[FFmpeg-user] resolution of the waterfall diagram of typical mp3 file
florin at andrei.myip.org
Sun Aug 7 23:17:17 EEST 2016
Consider an mp3 file, mono (single channel), 44.1 kHz, encoded at 128
kb/s constant bitrate (to keep things simple) with your encoder of
choice using average settings (let's say whatever ffmpeg uses as
defaults for this case).
Think of the full 3D representation of the spectrum of the whole file,
with time being one dimension, frequency another dimension, and relative
amplitude the 3rd dimension. Or the waterfall diagram - again time is
one dimension, frequency the other, and the relative amplitude is
For that particular file, the resolution of the time dimension is pretty
clear: it's 44100 samples per second. What's less clear to me is the
resolutions of the other two dimensions. If I were to build the full 3D
representation, what resolutions should I choose on the other two
dimensions to achieve, overall, a similar amount of information as that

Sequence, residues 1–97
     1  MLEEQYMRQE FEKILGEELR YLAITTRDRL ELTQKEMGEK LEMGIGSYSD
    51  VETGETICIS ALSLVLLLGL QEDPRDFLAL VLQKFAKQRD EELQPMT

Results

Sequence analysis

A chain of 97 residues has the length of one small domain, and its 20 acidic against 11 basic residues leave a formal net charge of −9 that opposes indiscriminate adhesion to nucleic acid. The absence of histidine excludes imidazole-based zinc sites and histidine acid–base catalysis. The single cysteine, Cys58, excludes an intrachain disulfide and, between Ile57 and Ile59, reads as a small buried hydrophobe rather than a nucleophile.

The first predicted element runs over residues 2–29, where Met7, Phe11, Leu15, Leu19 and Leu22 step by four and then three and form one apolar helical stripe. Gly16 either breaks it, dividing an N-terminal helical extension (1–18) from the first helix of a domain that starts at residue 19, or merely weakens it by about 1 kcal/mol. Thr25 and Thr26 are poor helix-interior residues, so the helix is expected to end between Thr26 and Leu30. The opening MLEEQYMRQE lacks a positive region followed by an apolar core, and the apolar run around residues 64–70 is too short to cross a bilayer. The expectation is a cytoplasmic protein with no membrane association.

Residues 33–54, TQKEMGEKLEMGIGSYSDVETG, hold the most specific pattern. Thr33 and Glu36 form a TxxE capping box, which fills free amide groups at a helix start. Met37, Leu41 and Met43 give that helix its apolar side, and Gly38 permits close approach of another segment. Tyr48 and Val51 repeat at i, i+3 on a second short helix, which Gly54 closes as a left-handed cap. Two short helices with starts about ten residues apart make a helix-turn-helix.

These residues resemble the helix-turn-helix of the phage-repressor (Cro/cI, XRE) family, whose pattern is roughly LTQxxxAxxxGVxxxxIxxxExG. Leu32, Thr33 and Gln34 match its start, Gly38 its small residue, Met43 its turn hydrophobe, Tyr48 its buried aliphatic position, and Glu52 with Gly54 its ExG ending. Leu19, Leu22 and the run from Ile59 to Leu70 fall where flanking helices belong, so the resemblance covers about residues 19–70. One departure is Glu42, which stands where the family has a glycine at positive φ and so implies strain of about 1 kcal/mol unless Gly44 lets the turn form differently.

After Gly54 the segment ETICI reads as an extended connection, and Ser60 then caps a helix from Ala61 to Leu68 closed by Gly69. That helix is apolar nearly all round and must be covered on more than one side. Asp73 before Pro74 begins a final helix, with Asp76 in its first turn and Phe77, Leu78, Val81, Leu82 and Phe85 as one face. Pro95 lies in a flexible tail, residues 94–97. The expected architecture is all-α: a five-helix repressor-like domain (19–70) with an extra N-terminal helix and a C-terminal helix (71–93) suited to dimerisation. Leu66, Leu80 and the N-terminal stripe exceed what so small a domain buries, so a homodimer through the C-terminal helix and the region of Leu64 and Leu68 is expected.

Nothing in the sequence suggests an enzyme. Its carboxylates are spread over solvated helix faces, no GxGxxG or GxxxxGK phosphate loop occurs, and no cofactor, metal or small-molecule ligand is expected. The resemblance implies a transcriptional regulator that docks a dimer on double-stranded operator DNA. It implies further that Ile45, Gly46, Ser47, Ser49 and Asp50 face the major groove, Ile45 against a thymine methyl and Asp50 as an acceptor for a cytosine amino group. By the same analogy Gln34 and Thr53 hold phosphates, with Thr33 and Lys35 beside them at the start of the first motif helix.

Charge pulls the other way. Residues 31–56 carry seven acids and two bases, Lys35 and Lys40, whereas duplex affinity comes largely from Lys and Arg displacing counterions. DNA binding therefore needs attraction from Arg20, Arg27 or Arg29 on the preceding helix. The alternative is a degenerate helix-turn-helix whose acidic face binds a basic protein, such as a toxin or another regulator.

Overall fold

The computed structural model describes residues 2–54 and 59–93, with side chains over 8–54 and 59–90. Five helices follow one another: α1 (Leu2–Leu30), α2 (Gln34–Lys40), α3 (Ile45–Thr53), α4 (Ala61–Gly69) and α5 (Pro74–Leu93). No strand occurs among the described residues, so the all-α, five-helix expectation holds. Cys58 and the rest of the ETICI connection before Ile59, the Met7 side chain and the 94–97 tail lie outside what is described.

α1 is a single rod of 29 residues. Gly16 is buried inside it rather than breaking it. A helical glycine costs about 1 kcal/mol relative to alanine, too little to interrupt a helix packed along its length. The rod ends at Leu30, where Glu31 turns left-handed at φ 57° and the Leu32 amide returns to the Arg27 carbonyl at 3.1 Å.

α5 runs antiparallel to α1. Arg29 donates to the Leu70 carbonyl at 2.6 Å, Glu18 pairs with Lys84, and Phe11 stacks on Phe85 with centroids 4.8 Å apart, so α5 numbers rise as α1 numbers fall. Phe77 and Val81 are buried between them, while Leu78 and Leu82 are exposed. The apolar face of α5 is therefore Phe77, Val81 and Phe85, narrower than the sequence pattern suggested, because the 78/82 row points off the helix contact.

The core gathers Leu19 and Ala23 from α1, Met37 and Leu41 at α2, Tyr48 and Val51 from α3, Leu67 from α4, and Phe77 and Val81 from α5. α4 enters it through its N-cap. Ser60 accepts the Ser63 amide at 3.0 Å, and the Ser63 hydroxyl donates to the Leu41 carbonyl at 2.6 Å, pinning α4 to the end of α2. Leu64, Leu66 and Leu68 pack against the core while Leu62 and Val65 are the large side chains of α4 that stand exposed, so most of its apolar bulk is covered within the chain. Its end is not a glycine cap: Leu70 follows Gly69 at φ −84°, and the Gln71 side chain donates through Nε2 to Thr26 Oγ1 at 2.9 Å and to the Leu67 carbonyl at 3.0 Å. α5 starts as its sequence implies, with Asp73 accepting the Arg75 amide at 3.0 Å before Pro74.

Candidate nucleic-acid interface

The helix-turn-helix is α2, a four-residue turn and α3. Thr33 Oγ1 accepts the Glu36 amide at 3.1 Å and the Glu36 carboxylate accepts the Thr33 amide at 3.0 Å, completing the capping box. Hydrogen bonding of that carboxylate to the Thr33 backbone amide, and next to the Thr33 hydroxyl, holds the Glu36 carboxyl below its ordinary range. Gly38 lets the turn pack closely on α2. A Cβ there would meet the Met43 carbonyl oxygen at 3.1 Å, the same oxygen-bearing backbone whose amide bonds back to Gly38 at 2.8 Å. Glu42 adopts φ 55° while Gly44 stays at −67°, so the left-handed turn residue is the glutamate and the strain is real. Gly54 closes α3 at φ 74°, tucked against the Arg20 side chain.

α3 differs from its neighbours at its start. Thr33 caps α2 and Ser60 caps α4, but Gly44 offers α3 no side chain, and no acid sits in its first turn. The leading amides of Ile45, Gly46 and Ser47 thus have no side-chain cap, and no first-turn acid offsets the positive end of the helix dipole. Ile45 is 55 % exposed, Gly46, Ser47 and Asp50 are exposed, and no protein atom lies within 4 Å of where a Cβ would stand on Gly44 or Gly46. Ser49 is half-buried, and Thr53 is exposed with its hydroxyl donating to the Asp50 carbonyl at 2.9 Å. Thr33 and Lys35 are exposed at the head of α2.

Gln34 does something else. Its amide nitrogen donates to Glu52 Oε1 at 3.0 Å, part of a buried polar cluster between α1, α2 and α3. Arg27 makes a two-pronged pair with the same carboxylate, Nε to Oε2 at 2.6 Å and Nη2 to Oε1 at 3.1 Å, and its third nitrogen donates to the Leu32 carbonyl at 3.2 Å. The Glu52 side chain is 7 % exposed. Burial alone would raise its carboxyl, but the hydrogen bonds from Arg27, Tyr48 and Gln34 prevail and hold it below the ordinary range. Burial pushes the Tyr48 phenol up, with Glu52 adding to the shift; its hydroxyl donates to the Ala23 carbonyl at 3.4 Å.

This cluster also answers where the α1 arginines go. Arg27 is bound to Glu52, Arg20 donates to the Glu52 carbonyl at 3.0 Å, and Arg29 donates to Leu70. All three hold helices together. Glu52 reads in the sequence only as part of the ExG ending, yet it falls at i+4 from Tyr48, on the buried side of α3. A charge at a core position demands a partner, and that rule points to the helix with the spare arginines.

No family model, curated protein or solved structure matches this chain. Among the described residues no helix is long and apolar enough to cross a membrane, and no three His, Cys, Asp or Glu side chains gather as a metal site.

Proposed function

contained in the original mp3 file?
For the frequency dimension, what are the limits? Is it 20 Hz and 20
kHz? And how many frequency "buckets" do I need to keep things
comparable to the original mp3 file?
For the relative amplitude, how many bits do I need to capture more or
less the same amount of info as the original mp3 file? 8 bit? 16 bit?
Keep in mind this is the completely rolled out waterfall representation,
not the encoded mp3 stream.
I think all these questions are ultimately tied into the total amount of
information contained in the mp3 file. And I'm only looking for
reasonable estimates for these parameters.
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